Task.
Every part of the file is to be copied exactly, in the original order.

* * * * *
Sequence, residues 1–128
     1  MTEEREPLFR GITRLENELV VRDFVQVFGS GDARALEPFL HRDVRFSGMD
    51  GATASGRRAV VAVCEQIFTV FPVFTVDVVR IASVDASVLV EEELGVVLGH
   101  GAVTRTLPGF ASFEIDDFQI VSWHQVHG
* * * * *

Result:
Sequence, residues 1–128
     1  MTEEREPLFR GITRLENELV VRDFVQVFGS GDARALEPFL HRDVRFSGMD
    51  GATASGRRAV VAVCEQIFTV FPVFTVDVVR IASVDASVLV EEELGVVLGH
   101  GAVTRTLPGF ASFEIDDFQI VSWHQVHG